Earlier this morning, the news surfaced that Valve would be working with J.J. Abrams to produce movies based on their popular franchises, Half-Life and Portal. The man who is to direct Disney’s Star Wars movies for the foreseeable future then came out and not only confirmed the reports but offered his own comments on the matter.
Allow me to quote those, for your reading pleasure.
“It’s as real as anything in Hollywood ever gets,” explained Abrams, regarding the truth to the announcement. “Which is that we are really talking to Valve, we are going to be bringing in a writer, we have a lot of very interesting ideas.
“We’re also aware of the cautionary tales of movies that became games and vice versa. Our goal here is to treat the world Valve has created in both these properties like anyone would a book or some great story that comes from a pitch or original script – just to treat it with the respect they treat their games and their players with.
“We’re not looking to make a movie in the gaming world, we’re not looking to impose what we do on that, we’re looking forward to taking some of our strengths and collaborating with some of these incredible minds that make some of my favourite games.”
I can respect that for one very simple reason which should be obvious to everyone, right about now: Movies about games with silent protagonists cannot work.
We don’t even see Gordon Freeman or Chell for most of Half-Life or Portal respectively, and now you’re going to ask us to look at them for an hour plus? That cannot work out in any way that isn’t damaging to the series. These are cult classics, meaning that their popularity has already destroyed any sort of further characterisation of the main characters.
The only possible way to tackle such a cul de sac, then, would be to not focus on the main characters but rather the world itself. Which is fine, because in both games the world plays the largest role in the game. In Half-Life 2, the world is in the midst of civil war under some strict control from the combine and their enforcement agents. When the citizens of City 17 see Gordon Freeman, his reputation comes before him and they revere him as a hero and saviour, to the point that the player is then overwhelmed by the unrealistic expectations laid at his feet. In Portal, GLaDOS just wants to test and you’re helping her to do that, or spoiling her fun. The game works because it’s got comedic charm and gameplay. Take away the obvious one of those and all you’ve got are some jokes that are now entirely out of context.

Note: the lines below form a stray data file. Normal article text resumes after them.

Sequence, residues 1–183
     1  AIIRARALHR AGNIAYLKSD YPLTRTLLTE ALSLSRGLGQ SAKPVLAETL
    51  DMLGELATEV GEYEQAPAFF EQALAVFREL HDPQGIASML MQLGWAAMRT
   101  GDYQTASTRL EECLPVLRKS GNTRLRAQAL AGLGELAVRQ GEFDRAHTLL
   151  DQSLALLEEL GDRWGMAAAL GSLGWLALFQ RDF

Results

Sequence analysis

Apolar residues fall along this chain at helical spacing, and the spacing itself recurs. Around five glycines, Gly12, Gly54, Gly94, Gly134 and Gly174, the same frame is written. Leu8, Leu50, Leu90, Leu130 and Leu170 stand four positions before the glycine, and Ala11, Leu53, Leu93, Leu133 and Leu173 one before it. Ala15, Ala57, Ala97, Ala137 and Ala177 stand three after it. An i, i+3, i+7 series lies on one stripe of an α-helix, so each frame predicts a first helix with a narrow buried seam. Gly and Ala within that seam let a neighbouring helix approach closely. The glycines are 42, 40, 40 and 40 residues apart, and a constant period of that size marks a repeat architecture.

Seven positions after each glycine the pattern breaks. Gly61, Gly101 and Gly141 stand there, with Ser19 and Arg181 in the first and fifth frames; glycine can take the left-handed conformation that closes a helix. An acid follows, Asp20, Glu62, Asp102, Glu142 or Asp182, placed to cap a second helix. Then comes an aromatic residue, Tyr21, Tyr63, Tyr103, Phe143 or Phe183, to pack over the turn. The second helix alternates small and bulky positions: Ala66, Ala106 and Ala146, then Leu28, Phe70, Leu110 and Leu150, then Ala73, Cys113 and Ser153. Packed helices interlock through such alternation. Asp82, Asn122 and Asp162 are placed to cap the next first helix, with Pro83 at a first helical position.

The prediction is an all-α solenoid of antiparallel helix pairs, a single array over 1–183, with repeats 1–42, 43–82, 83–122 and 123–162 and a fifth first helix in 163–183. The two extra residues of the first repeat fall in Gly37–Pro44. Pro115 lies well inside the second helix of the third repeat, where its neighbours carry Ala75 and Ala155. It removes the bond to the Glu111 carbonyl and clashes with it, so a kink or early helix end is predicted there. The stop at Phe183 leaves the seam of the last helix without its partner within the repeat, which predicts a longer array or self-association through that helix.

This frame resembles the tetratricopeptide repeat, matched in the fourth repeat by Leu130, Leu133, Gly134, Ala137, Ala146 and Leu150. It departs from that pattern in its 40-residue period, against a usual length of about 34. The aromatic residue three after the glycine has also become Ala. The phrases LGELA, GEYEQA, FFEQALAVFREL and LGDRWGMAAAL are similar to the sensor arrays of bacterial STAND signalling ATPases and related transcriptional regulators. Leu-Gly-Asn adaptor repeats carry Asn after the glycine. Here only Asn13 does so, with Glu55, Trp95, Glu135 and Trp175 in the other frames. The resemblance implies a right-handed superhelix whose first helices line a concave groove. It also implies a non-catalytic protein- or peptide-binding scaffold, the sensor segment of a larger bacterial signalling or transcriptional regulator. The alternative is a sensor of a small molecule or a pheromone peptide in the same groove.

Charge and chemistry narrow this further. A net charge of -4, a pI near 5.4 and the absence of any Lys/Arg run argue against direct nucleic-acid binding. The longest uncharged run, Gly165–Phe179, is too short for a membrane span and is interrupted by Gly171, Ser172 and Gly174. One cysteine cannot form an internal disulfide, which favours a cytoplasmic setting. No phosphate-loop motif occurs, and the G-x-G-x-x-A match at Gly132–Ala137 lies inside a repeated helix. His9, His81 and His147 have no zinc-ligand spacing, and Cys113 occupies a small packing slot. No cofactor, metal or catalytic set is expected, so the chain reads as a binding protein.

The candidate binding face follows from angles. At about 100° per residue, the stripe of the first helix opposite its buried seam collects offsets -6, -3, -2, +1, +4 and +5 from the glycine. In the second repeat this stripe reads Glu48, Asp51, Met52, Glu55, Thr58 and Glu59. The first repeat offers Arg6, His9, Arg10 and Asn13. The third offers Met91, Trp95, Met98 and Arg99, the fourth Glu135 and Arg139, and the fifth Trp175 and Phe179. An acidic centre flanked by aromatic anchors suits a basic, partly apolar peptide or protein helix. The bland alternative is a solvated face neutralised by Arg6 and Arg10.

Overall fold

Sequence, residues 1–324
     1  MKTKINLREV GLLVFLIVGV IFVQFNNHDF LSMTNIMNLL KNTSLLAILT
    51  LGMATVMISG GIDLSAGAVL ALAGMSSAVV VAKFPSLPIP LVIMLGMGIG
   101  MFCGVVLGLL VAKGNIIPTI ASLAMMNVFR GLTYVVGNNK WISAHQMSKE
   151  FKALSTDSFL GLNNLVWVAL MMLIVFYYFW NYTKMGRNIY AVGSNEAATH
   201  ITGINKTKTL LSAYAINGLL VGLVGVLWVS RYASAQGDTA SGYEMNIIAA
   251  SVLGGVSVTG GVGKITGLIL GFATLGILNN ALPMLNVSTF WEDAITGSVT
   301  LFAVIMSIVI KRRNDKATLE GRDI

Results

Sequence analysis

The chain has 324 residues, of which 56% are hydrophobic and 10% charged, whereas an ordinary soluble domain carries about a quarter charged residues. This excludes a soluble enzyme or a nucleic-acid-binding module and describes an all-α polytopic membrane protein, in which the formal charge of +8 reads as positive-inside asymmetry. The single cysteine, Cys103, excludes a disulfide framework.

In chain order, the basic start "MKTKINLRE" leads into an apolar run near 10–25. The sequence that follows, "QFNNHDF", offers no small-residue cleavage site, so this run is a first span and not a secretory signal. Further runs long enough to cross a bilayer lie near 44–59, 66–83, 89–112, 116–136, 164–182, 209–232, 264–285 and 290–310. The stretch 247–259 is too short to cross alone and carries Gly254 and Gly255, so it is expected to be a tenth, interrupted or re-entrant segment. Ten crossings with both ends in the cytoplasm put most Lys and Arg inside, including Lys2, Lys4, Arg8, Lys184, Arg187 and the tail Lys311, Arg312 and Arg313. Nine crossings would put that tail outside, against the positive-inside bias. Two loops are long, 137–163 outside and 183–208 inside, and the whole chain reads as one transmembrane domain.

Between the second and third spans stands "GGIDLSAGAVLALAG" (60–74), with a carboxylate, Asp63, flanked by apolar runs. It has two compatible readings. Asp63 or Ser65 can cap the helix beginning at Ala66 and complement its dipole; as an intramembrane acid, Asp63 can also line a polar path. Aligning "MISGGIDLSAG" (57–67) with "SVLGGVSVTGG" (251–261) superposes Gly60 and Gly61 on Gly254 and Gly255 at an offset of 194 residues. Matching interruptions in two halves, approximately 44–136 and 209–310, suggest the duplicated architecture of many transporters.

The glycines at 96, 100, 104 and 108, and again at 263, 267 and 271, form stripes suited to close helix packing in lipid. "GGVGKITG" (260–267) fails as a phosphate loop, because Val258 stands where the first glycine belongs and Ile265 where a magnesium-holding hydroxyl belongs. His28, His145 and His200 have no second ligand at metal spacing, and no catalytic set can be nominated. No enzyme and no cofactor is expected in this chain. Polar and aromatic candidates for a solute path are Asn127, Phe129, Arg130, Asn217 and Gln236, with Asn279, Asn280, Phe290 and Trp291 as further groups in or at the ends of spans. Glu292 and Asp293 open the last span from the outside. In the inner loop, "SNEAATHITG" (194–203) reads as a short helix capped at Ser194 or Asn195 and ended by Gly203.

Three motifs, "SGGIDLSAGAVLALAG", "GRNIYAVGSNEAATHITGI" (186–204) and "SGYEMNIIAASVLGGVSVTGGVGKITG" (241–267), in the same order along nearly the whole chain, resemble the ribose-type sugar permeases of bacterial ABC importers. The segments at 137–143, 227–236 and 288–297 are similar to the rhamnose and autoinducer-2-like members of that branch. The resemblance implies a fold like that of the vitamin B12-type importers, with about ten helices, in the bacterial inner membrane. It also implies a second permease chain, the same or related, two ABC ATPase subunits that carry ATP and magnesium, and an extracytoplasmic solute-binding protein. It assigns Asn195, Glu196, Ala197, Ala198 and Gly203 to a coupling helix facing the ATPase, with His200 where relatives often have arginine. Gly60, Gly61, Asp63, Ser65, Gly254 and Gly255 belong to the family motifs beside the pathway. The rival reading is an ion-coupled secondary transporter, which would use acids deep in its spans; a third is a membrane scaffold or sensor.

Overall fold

Furthermore, if you actually centre a full-length feature film’s story around the location and the overarching plot, then how will you tell that story to the world? What plot devices will you use to carry your messages? Will you do this by centring, for example, Half-Life, around the life and times of Barney, the undercover resistance fighter who still owes Gordon that beer? Or will you take a fresh and new perspective and then, is it actually Half-Life?
All of this said, I will cream my pants in layers if I see Christopher Walken playing the G-Man in a Half-Life movie, but the rest of it I can live without ever being witness to. Also why are there movies when all of that money and energy could be put into Half-Life 3?
What are your thoughts on Valve’s move towards feature-length films based on their most popular game franchises? Do you think it’ll work, is it even necessary, do you see problems that I’ve overlooked? Feel free to comment and tell us, below.